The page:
Kent State University in Ohio canceled its fall musical of West Side Story after complaints that non-Hispanics actors were picked over Hispanic students to play Puerto Rican roles.
West Side Story is a version of Romeo and Juliet that takes place in the 1960s with Polish-American and Puerto Rican street gangs. Three of the leading Puerto Rican roles were given to students who were not Hispanic, according to KentWired.
Viviana Cardenas, 21, lost the role of Maria to a white student, while Bridgett Martinez lost the role of Anita to an African-American student, according to KentWired.
“I don’t get to tell other people’s stories because of the color of my skin, but yet when there is this story that is about people of cultures like me, about people of color like me, and that gets taken away from me … that was the most heartbreaking,” Cardenas told Kentwired.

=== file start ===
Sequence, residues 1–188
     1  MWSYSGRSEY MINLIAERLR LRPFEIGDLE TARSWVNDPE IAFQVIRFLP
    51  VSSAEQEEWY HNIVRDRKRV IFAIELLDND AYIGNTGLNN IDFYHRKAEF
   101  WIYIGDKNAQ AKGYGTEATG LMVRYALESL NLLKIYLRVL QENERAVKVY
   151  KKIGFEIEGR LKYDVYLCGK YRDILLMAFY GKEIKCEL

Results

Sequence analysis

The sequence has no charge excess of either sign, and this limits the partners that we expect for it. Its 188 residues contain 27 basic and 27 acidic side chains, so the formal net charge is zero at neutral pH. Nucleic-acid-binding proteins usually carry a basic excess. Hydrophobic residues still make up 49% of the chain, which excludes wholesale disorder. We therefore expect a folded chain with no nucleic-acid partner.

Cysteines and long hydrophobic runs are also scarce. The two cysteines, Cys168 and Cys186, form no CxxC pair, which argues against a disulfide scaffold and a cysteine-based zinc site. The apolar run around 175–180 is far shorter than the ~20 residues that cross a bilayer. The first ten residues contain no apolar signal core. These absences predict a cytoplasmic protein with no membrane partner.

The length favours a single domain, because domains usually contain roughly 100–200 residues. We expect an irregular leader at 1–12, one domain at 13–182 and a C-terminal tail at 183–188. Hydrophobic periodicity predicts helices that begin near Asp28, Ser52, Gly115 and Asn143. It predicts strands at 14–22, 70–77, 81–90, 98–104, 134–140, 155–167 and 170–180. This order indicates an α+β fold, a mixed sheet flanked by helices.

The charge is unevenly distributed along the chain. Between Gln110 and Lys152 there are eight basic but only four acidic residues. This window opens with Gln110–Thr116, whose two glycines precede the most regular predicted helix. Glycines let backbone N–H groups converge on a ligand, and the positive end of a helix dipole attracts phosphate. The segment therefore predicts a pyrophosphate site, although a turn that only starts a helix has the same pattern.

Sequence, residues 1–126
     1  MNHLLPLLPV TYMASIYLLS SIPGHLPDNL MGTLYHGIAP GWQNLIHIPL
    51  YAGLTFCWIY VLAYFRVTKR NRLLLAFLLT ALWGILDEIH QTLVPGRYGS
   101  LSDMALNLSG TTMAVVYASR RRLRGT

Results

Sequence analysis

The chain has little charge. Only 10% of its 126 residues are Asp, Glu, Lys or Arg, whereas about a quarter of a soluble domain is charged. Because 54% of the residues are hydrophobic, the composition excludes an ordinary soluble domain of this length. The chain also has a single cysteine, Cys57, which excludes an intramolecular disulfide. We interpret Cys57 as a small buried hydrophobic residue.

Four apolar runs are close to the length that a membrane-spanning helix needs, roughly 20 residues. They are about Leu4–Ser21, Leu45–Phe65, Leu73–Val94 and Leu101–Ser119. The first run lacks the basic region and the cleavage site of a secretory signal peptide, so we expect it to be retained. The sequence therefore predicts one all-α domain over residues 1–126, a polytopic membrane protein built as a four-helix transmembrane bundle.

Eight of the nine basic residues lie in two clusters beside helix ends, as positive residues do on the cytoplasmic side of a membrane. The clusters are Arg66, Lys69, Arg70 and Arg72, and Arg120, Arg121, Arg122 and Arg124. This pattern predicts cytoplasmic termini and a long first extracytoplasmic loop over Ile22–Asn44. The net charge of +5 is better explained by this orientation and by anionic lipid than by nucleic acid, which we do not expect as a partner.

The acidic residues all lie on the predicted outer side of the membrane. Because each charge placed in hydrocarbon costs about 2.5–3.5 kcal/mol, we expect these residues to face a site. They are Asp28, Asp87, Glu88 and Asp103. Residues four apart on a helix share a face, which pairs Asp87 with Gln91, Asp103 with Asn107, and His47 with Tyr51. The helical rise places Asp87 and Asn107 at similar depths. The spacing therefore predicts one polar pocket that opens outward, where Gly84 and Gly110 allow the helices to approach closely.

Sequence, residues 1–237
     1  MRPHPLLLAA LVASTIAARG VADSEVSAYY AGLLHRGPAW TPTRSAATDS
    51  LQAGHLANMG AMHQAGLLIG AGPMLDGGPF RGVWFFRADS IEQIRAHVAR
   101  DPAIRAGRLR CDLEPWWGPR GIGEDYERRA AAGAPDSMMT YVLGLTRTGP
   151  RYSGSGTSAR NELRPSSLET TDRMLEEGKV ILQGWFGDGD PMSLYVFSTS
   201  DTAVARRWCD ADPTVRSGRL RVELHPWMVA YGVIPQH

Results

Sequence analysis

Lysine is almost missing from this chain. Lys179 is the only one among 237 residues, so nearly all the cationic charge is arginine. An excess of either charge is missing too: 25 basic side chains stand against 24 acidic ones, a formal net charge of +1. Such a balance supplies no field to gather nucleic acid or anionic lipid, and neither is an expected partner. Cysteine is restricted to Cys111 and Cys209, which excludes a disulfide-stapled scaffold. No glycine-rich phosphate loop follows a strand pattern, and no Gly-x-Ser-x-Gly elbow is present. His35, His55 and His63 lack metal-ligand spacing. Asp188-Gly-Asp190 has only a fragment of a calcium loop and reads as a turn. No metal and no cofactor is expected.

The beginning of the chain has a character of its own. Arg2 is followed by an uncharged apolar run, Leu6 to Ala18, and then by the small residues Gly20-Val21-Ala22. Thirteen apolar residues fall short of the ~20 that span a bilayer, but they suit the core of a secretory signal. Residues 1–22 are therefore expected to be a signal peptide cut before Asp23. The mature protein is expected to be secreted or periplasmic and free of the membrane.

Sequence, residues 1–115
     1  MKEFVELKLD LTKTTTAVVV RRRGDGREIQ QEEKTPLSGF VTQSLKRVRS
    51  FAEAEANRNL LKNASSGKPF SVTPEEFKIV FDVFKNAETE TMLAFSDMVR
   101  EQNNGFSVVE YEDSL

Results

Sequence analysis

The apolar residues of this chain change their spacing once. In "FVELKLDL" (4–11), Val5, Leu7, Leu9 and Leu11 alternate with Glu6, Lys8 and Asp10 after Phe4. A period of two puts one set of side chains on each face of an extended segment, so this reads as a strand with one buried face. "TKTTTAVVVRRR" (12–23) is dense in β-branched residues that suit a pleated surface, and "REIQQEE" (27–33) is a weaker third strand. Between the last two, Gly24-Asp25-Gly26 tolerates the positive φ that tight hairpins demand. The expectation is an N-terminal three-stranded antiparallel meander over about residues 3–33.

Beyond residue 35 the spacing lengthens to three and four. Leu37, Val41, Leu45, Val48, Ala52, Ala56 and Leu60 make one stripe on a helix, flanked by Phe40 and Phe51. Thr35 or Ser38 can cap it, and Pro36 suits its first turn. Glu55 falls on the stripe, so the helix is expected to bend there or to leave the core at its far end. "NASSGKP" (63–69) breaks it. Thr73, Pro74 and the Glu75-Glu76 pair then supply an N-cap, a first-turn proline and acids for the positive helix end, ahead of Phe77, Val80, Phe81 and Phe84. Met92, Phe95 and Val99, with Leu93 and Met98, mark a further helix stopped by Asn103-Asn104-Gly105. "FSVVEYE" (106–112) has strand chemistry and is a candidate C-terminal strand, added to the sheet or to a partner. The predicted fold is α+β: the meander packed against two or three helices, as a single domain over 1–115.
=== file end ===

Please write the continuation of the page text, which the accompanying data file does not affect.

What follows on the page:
Kent State School of Theatre and Dance Director Eric van Baars held a meeting to address the diversity concerns with students on Sept. 4, according to Kentwired.
“I think the professor who made the decision wanted the best for the show and that’s what they considered and that’s it,” Cardenas said, Kentwired reported. “I think there are more things that need to be considered than just that.”
Van Baars decided to replace West Side Story with Children of Eden, which he thought gave a more positive message, according to Kentwired.
Children of Eden is based on the Book of Genesis, according to Musical Theater International’s website.
“The cancellation of West Side Story was in response to our community members’ voices and the national dialogue regarding the desire for authenticity on our stages,” van Baars said, Fox News reported Tuesday. “To be current and culturally engaged, the School of Theatre and Dance supports the progression of conscious casting in the American theatre today.”
Kent State theater performance minor Skyler Dye thought the move to cancel the musical was “bowing to racists.”
“Plenty of people of Puerto Rican descent ‘pass’ as white for all kinds of reasons,” Dye told Campus Reform Monday. “I think being too strict on the look for certain groups of people is actually more insensitive on the whole.”
Van Baars did not immediately respond to The Daily Caller News Foundation’s request for comment.
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